Interview with Dr. Ayub Mehar — an economist
Dr. Ayub Mehar is currently serving as Professor at Iqra University and is also associated as economist with the Gerson Lehrman Group, Austin USA (Political Upheaval and Global Competitiveness project for World Economic Forum). Before this, he has been working at various responsible positions in industry and academic institutions in Pakistan. He has served Federation of Pakistan Chambers of Commerce and Industry (FPCCI) as Director General (R&D) for 6 years and Economic Advisor in Economic Cooperation (ECO) Chamber of Commerce and Industry. He is alumni member of the International Academy of Leadership (IAF) Gummersbach Germany, where he did training courses in New Public Management including Political Administration and Public Finance. In recognition of his expertise, the Technology Policy and Assessment Center at Georgia Institute of Technology acknowledged its membership in the distinguished panel of international experts for Indicators of Technology-based Competitiveness Project (supported by the US National Science Foundation, United States Government). He has also been member of various committees, think tanks and working groups including Cotton Crop Assessment Committee (Government of Pakistan), Working Group on Balance of Payment for MTDF 2010-15 (Planning Commission), Independent Economist for MTDF 2005-10 (Planning Commission), Task Force on Taxation Reforms (CBR/ FBR), USAID Empowering Pakistan Project, USAID Business Support Fund, UNDP SSGATE Program, and the Private Sector Credit Allocation Committee (State Bank of Pakistan). In 2005, he was appointed as Independent Economist/Consultant to write the draft chapter and evaluate the Monetary and Financial Sector of Pakistan economy for the Medium Term Development Framework (Five Year Plan) 2005-10.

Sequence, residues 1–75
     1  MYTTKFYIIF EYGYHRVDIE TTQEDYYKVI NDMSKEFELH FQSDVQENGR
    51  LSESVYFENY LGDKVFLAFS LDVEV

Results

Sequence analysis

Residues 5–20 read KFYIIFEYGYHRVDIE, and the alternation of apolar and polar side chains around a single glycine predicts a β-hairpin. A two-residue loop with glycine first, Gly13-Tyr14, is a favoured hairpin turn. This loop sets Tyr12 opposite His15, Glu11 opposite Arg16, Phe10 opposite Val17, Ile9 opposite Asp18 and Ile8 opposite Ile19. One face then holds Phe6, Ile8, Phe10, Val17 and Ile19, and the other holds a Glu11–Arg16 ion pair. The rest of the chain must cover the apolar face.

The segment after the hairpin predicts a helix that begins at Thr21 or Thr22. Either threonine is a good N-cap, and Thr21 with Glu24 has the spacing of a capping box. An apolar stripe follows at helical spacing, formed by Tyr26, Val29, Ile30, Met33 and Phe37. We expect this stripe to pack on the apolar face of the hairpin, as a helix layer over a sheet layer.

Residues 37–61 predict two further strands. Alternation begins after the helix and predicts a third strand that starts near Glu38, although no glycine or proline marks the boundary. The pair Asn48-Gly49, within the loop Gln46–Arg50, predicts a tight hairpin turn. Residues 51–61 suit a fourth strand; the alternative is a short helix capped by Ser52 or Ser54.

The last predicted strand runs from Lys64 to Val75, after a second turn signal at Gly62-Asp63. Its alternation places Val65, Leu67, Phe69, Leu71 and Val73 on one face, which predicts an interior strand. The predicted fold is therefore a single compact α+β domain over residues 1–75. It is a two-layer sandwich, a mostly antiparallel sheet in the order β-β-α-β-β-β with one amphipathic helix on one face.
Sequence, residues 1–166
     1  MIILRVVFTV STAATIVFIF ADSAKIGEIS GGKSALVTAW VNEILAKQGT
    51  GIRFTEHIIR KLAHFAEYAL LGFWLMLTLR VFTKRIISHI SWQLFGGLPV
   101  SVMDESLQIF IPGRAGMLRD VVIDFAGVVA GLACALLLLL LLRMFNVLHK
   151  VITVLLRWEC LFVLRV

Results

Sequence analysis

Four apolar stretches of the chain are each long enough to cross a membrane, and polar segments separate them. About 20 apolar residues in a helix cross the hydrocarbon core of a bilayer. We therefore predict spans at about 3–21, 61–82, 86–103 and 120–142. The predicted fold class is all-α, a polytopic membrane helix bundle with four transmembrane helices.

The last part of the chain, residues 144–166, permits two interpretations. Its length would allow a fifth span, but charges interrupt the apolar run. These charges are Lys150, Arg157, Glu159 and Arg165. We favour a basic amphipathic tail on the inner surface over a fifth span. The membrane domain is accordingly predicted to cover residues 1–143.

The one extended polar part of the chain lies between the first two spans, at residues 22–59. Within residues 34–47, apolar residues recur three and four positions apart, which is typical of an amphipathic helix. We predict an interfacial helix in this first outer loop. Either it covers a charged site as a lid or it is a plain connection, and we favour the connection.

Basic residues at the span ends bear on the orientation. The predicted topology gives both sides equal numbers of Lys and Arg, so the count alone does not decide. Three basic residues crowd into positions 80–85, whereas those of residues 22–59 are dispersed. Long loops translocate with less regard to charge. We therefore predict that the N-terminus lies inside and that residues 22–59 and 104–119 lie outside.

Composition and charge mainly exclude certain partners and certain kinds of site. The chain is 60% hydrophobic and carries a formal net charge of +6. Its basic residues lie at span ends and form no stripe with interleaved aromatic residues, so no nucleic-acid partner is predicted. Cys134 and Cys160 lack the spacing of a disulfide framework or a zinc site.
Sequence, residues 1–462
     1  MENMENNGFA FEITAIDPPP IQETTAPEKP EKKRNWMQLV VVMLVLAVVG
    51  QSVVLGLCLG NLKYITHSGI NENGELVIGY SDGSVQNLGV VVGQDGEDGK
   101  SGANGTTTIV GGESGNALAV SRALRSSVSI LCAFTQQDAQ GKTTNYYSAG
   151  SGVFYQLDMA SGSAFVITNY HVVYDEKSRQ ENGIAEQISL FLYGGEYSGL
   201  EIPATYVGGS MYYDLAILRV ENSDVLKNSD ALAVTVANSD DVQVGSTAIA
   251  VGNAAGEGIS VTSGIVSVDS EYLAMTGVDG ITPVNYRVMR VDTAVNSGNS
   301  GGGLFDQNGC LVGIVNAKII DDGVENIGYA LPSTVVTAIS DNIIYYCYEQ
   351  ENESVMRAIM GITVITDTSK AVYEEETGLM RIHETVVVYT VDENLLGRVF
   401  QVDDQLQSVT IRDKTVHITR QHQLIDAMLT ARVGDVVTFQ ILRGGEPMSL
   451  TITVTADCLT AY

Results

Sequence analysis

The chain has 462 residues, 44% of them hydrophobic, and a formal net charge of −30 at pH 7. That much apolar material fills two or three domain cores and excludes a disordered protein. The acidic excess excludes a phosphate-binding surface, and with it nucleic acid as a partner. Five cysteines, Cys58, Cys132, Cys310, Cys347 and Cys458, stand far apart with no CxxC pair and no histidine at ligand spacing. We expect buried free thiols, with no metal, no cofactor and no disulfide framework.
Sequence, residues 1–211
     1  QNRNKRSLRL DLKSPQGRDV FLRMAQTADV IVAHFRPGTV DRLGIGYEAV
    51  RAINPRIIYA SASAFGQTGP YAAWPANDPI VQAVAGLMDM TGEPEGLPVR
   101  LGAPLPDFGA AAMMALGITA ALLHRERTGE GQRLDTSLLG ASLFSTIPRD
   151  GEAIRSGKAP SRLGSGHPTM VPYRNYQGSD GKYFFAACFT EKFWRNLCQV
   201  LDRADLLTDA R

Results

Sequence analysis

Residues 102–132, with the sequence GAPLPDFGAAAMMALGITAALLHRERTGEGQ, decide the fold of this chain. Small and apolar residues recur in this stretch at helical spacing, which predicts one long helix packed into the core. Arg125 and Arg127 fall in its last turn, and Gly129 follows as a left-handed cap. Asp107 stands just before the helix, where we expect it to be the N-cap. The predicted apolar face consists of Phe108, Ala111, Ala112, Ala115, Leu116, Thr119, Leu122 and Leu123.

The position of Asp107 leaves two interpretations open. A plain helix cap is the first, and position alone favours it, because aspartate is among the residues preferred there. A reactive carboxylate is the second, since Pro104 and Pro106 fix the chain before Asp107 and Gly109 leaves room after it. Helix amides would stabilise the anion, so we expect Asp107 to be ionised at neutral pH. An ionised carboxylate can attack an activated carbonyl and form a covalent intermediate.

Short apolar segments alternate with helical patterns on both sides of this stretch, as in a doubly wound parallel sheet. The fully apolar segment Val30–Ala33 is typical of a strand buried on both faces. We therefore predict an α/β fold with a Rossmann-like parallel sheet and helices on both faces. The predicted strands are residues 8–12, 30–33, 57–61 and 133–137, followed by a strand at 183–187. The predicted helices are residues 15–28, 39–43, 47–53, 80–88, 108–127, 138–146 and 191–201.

PAGE: What are your views on the economy of Pakistan?
AYUB MEHAR: Multiple changes have been observed at the political and economic stages of Pakistan during last five years. After stagnancy, now the value of US dollar in terms of Pak rupee once again is appreciating which means weakening of Pak rupee. This may be a harmful trend for the economy because it will lead to inflation and poverty and the quantum value of external debts will increase in term of Pak rupees. It means government needs more money to repay its debts and debts servicing. This situation indicates the imposition of further taxes mainly GST. A declining trend of inflation may be reversed.